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  17.  
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    Rose M. Welch, Dec 28th, 2007 @ 12:02pm

    Re: Re: Re: Comments #1, #2, & #4

    Well, that comment is even stupider. I own that software, and quite a bit of other expensive software for use in web and graphic design. I use this expensive software on my expensive computer for work. I *DO NOT* have the money for a second computer. I don't think so, asshole, I am still paying off this computer. I buy a $200 junker computer and that means one month I don't buy groceries. Explain that to my kids, please.

    And why should I have the bother of using two alternate computers for anything? I agreed to pay money in return for for software. I *might* have agreed to give up some market research, but I read my EULAs pretty carefully, and I sure don't remember seeing anything like that. I don't even set my programs to update w/o me. (Except my antivirus...)

    If they want statistical iformation from me, they are welcome to it - if they ask me up front and want to offer me a damn discount. After all, the kids in the mall and paid for market research. E-rewards and every other market research company pays for market reseach. It is a marketable commodity and it is mine. Taking it without permission is stealing. And don't give me crap about it not being tangible. Everyone on a website like this should damn well know that information can, in fact, equate money.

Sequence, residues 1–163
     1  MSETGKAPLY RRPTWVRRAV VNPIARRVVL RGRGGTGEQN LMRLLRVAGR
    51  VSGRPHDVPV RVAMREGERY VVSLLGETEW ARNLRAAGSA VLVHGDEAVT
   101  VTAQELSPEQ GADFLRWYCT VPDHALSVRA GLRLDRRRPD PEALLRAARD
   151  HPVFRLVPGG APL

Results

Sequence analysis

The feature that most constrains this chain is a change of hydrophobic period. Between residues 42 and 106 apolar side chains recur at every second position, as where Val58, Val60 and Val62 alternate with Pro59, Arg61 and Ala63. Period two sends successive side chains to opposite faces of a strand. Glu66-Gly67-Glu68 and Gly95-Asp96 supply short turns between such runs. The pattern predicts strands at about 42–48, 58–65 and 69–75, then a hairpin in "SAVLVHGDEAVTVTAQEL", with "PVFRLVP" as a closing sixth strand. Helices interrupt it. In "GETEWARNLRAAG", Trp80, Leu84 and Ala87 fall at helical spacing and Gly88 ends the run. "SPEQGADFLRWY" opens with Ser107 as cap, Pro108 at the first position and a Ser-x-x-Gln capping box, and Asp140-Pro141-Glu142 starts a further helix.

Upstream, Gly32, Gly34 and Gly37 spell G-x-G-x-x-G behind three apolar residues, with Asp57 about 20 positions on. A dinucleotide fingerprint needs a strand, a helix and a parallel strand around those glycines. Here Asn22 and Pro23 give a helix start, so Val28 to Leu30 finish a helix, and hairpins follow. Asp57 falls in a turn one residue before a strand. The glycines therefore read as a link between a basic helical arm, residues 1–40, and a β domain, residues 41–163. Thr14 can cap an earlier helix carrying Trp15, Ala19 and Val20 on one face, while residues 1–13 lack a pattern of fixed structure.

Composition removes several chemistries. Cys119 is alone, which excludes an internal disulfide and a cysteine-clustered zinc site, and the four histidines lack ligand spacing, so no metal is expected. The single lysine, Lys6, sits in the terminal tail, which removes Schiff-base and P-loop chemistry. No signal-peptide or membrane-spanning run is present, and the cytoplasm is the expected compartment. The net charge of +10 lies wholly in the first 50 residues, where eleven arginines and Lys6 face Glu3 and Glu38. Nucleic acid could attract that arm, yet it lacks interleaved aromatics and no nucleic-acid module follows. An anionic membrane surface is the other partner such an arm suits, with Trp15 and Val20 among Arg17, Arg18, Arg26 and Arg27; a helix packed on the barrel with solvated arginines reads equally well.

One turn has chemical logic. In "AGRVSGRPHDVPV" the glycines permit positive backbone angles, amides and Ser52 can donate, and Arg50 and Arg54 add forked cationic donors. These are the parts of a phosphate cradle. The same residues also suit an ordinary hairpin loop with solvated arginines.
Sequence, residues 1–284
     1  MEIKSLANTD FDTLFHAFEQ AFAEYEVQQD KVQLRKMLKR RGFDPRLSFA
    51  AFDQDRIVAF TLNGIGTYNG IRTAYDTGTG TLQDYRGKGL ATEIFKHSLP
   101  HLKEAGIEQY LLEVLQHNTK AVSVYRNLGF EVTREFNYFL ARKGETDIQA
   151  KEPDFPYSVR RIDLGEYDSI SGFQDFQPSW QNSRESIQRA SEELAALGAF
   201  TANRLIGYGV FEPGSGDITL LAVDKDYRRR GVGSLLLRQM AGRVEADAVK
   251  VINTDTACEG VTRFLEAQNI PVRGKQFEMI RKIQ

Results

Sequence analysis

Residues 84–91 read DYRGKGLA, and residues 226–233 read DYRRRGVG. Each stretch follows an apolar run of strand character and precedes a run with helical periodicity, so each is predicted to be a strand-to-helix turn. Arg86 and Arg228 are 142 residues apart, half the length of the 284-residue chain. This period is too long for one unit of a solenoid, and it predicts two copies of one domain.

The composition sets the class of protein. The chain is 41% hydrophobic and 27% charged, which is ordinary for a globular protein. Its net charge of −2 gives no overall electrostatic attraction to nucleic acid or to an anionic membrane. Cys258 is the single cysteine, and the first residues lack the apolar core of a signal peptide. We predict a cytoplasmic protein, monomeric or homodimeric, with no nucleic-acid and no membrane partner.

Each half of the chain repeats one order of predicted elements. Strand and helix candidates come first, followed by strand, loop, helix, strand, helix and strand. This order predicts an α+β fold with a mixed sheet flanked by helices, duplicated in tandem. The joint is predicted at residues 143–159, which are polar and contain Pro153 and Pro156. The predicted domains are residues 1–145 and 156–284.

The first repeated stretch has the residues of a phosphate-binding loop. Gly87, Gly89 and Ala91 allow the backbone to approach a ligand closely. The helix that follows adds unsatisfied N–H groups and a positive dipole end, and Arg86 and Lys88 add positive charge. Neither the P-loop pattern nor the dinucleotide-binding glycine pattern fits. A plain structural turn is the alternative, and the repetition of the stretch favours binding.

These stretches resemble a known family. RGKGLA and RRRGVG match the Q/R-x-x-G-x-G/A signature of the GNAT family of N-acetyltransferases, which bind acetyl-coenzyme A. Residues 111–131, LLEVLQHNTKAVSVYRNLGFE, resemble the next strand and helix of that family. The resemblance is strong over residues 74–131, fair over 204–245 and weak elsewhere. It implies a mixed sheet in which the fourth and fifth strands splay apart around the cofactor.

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  18.  
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    John Dowdell, Dec 28th, 2007 @ 12:29pm

    Update, from Adobe sources

    Thanks for the highlight, Mike... greatly appreciated.

    Adobe Photoshop Product Manager John Nack has been pursuing this too, and he has some info from Doug Miller, who I believe handles all Omniture analytics at adobe.com.
    http://blogs.adobe.com/jnack/2007/12/adobe_ate_me_ba.html

    Summary: The Welcome screen (example) in Creative Suite 3 applications does definitely get live updated material from adobe.com, and these go through site analytics just as any other web material does. Clicking the "Don't show again" checkbox will stop this vector of updated material. Doug describes at least two other scenarios where CS3 apps contact adobe.com for resources.

    jd/adobe

     

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  19.  
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    Jesse, Dec 28th, 2007 @ 12:32pm

    Re: Air Gap

    This is easily done when you have two separate computers.

    Two separate computers? To be safe you really need a separate computer for each proprietary application program you run. Either that or use open source software.

     

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  20.  
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    Gary, Dec 28th, 2007 @ 12:49pm

    How high up is John?

    Update: John Dowdell, an Adobe employee (and long time Techdirt reader) has replied in the comments, noting that he's talking to folks at Adobe to find out the whole story, but he thinks it's the "live update" function.